Mar 06 2019
NGD Systems has announced general availability of the first product in the Newport platform of high capacity NVMe SSDs.
The Irvine, Calif. startup makes big claims for the product family which provides computational storage via in-situ processing to alleviate host CPU-memory-storage bottlenecks. Performance scales as more drives are added.
Nader Salessi, CEO of NGD Systems, said the company offers the “industry’s highest capacity NVMe, smallest footprint, and the most power-efficient NVMe SSDs on the market. This makes it possible to perform in-situ processing within the storage device itself without having to trade power, space or cost to do so.”
Don Jeanette, storage research VP at TrendFocus, provided a canned quote: “By eliminating the need to move data before processing, the Newport Platform drastically reduces latency and system level power consumption.”
Let’s run through the spec for the first Newport product, a a 14nm ASIC-based 16TB U.2 NVMe SSD, which makes its debut today. NGD says this is the world’s densest and lowest-powered drive, needing 8w at peak load.
Newport has up to 16 flash channels and supports NVMe v1.3 and PCIe Gen 3.0 x4.
NGD Newport U.2 SSD.
According to NGD, a Hadoop Terasort with 4 Newport drives per node is faster than unassisted Hadoop nodes and needs 8-core hosts, as opposed to 16-core varieties.. A Microsoft image query processing time is up to 4x faster with Newport drives compared to host-only processing.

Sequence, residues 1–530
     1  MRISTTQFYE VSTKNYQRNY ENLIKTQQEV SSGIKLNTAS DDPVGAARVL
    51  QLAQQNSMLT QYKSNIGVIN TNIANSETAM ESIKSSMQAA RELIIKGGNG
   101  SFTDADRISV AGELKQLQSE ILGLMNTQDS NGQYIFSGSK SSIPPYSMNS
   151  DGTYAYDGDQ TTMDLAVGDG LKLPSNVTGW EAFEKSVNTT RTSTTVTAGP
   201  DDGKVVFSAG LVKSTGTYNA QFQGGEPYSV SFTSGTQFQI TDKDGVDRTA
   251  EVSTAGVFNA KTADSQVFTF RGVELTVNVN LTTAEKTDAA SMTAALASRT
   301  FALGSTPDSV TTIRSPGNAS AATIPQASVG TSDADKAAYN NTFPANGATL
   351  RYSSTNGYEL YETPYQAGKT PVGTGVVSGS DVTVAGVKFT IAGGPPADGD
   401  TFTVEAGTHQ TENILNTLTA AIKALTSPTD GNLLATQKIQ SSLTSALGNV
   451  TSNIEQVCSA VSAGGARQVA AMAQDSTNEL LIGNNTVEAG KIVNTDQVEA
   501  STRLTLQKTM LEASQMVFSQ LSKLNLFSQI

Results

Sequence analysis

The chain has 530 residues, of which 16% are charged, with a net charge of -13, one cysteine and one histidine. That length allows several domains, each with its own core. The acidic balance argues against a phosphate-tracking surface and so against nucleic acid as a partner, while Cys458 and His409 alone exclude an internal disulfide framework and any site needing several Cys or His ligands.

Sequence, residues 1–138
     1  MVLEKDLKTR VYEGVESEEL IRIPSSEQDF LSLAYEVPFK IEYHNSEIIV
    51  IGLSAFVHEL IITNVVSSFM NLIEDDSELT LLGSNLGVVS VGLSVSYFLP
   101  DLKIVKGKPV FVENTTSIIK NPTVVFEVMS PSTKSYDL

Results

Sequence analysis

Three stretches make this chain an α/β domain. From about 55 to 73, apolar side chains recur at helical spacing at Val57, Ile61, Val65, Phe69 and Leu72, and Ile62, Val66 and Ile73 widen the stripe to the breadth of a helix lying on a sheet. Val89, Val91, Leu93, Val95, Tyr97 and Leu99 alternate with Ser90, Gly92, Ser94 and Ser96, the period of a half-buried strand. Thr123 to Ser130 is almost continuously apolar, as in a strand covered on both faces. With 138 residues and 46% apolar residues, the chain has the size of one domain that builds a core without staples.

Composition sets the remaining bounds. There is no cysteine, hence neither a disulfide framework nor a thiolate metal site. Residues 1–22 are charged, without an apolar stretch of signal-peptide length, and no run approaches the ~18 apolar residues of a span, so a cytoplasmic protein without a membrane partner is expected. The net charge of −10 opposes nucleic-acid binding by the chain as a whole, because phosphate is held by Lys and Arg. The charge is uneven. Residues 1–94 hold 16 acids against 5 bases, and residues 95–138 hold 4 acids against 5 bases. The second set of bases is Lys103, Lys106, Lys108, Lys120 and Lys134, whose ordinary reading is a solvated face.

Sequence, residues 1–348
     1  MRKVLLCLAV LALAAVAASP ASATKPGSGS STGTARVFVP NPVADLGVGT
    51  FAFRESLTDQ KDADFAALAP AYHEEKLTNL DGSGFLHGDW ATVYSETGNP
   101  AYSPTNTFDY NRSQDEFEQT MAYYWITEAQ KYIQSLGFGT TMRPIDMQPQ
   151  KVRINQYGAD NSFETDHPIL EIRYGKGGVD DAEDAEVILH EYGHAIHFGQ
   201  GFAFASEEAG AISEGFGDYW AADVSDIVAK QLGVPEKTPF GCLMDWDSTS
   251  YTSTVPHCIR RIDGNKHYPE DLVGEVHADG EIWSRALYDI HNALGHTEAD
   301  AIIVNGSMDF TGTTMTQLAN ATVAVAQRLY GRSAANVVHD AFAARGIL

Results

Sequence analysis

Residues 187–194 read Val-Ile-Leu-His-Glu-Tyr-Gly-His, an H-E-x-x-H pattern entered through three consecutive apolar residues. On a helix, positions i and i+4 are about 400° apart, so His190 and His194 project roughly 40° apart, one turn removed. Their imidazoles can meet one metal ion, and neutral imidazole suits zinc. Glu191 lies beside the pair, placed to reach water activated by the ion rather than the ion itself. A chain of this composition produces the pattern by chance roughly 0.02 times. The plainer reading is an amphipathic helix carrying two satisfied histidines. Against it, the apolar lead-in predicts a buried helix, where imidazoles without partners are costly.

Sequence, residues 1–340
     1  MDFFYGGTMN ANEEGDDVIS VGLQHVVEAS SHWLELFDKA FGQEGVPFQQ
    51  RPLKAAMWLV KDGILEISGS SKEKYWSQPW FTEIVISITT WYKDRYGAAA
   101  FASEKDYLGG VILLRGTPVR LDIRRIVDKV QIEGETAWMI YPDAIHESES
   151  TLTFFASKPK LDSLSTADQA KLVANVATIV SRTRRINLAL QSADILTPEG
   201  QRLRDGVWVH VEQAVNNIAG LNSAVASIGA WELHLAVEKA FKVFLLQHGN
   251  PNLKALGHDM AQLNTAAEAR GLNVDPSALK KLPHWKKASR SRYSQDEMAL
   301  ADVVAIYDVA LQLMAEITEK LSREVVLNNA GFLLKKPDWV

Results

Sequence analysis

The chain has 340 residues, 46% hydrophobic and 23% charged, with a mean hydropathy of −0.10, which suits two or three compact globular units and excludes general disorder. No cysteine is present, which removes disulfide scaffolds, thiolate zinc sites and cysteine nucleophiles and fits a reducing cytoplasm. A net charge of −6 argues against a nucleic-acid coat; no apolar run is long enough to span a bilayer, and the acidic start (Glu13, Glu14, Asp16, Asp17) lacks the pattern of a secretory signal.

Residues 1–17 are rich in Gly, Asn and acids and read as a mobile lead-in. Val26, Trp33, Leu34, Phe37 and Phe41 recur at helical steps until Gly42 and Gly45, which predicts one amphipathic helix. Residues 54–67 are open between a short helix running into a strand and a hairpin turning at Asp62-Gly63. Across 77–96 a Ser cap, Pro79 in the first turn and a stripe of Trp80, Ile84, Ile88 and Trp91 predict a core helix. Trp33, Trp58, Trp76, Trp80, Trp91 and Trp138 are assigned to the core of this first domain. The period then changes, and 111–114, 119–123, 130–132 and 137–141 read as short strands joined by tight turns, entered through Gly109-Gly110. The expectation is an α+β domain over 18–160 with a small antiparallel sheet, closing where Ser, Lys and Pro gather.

Microsoft image query processing times with and without NGD SSDs.
Newport products have a quad-core, 64-bit ARM processor running Ubuntu and supporting Docker.
There is an up to 8TB capacity M.2 “gumstick” card version, an up to 32TB EDSFF (ruler format) variant and the U.2 (2.5-inch) form factor runs up to 32TB of 3D TLC (3bits/cell) NAND. A larger-capacity AIC (add-in Card) part will store up to 64TB. These additional Newport products will be released later this year and a a 32TB U.2 drive is expected in July 2019.
NGD is targeting Newport devices at hyperscalers and intelligent internet edge application. Computation at the edge limits the data sent to a central location, according to the company, and enables faster processing with a smaller edge device CPU. This saves electricity.
NGD processor path diagram from an SNIA presentation.
Other drive-level computation work could involve video transcoding, network monitoring stream pre-processing, RAID parity calculations and compression.
Newport can be deployed just as a dense, low-power drive with in-situ processing turned off or as a computational storage drive offloading the host CPU.